The Tokyo High Court overturned a lower court’s death sentence and gave a Peruvian man life in prison Thursday over the 2015 murder of six people in Kumagaya, Saitama Prefecture.
The court ruled that Vayron Jonathan Nakada Ludena, 34, who was found guilty of robbery and the murders, could not be held completely responsible for his actions due to his schizophrenia at the time of the crime.
Prosecutors had sought the death penalty, which the Saitama District Court granted in March 2018, concluding that he had been mentally competent enough to recognize the gravity of his actions. His defense counsel argued for his acquittal.
The district court had said Nakada Ludena’s efforts to hide the bodies and wipe away the blood at the crime scenes demonstrated that he knew that his actions were criminal. But the high court judged that he had a diminished mental capacity at that time.
The high court’s presiding Judge Kazuyuki Okuma said, “There were errors on a psychiatric evaluation that cannot be overlooked.”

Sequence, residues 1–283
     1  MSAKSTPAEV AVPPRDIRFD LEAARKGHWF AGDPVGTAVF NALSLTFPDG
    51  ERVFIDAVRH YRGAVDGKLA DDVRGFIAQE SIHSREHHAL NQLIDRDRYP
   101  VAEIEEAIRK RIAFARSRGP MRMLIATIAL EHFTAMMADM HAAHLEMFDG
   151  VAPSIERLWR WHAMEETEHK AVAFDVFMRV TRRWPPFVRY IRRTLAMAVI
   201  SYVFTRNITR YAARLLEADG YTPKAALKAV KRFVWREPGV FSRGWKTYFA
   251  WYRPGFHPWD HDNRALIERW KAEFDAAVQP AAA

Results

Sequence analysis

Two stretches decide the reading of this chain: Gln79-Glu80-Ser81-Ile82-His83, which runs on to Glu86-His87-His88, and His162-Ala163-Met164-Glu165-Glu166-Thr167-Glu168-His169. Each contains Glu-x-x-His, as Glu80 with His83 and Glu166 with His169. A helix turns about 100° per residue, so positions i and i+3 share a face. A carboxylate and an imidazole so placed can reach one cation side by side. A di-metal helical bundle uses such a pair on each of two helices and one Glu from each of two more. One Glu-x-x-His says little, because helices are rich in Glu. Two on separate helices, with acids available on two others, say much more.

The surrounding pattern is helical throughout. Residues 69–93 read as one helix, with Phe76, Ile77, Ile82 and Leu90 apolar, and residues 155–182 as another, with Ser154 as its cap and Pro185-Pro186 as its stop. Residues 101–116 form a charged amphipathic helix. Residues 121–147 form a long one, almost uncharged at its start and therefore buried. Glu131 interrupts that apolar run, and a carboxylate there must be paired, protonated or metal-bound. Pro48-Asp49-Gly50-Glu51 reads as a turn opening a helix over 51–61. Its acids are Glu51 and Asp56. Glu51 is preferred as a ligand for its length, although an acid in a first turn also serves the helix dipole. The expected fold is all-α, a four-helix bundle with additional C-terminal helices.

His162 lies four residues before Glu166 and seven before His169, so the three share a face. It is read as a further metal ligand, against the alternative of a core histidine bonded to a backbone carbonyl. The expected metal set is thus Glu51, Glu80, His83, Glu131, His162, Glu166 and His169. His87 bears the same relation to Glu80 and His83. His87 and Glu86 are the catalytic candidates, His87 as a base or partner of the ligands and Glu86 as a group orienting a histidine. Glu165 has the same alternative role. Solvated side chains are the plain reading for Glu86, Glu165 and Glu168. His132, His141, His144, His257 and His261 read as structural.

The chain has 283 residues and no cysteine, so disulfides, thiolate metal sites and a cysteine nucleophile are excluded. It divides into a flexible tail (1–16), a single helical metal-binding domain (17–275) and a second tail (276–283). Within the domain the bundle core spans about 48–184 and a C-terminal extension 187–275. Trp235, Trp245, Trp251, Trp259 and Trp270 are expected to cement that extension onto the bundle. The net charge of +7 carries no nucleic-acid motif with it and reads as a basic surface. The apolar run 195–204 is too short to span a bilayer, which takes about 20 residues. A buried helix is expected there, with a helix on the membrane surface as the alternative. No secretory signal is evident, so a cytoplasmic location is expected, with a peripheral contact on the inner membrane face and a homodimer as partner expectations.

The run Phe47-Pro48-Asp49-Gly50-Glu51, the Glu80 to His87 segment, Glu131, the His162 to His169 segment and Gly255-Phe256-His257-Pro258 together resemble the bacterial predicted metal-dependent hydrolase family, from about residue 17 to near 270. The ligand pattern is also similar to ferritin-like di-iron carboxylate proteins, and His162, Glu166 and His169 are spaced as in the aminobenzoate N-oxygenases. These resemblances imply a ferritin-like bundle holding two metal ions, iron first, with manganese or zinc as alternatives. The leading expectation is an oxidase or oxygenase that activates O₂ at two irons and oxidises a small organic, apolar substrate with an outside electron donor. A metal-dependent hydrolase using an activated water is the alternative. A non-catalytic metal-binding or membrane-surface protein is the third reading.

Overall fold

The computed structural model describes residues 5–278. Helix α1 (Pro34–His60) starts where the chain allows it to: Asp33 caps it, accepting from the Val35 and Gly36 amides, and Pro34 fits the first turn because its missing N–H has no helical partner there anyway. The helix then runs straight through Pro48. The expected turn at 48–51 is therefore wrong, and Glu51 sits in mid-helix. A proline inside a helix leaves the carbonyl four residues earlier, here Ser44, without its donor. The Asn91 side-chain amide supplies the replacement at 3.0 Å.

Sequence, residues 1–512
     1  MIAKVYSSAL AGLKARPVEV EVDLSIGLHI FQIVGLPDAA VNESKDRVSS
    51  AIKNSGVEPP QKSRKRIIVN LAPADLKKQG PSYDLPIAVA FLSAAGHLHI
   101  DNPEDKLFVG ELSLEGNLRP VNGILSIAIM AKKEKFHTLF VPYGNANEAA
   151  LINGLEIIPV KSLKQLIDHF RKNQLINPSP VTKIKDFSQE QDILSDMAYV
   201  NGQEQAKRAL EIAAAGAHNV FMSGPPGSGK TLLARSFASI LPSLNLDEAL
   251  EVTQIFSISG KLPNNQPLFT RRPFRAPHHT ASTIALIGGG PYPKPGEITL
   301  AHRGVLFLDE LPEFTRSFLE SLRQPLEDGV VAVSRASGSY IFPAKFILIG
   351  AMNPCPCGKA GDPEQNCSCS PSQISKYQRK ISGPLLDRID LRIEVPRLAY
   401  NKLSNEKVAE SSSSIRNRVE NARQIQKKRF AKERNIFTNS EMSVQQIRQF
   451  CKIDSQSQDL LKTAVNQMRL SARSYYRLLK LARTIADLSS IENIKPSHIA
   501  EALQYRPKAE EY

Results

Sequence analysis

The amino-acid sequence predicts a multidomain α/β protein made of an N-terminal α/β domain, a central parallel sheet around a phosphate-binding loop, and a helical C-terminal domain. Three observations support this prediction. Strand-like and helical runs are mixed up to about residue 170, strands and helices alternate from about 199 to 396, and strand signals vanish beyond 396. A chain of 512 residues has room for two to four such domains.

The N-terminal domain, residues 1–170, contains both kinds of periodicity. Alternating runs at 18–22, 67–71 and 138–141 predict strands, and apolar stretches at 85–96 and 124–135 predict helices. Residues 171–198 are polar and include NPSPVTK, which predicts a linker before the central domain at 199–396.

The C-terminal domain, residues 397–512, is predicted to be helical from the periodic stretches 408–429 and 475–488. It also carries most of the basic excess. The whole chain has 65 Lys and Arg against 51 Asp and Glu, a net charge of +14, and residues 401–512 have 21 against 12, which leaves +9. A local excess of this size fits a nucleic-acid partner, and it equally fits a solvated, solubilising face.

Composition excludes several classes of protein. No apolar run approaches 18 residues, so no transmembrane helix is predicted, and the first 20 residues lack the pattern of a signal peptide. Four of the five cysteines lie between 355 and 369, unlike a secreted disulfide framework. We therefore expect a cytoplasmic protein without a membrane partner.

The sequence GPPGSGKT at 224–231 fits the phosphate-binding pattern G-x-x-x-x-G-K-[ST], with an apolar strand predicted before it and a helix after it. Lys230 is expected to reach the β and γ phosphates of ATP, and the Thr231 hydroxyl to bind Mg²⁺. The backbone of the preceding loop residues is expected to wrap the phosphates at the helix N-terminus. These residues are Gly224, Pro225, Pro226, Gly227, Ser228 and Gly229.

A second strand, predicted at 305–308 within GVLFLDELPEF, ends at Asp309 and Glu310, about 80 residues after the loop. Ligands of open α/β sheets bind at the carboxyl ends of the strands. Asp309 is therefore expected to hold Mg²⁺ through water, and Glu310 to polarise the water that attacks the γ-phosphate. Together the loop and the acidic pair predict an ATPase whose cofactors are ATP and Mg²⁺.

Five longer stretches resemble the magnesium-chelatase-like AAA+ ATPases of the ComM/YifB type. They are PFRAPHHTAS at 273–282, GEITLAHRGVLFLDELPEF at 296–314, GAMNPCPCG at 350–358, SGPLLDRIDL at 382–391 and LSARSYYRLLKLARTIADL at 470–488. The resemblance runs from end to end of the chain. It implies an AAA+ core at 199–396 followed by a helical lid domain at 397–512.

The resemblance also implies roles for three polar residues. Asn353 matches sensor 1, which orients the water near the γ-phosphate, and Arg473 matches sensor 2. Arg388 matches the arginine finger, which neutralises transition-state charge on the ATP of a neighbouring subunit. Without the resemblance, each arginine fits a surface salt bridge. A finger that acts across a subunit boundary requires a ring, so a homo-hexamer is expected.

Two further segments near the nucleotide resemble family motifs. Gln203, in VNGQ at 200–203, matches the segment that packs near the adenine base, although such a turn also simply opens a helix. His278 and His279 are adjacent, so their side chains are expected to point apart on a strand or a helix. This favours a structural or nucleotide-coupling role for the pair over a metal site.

Noting that although the crime committed by Nakada Ludena was cruel and warranted capital punishment, the judge said, “We reduced (the sentence) in line with the law due to his diminished capacity.”
According to the rulings, Nakada Ludena broke into three homes from Sept. 14 to 16 in 2015 in an attempt to steal money and valuable items.
He stabbed to death a couple in their 50s, an 84-year-old woman, and a 41-year-old woman and her 10- and 7-year-old daughters in their respective homes. He also stole a car and ¥9,000 in cash.
Nakada Ludena was arrested the following month in connection with the murder of the couple, having been hospitalized after plunging from a second-floor window at the third home on Sept. 16. Police subsequently served him with further arrest warrants related to the other victims.
The bereaved families were surprised and shocked by the high court ruling.
A man whose wife and two children were murdered in the third home expressed his frustration at a news conference in Tokyo. “I want to yell at the judge, ‘If you were in my position, how could you accept this?'” he said. The man, who has attended every court session, lamented that he would have to “start from scratch again.” He said he hopes the Supreme Court will review the ruling.
Masato Takahashi, the man’s lawyer, also said he was “stunned” by the ruling and criticized it, saying, “For the first time, I saw such a ruling without any basis in evidence.”
The lawyer added that he strongly asked prosecutors to appeal to the top court.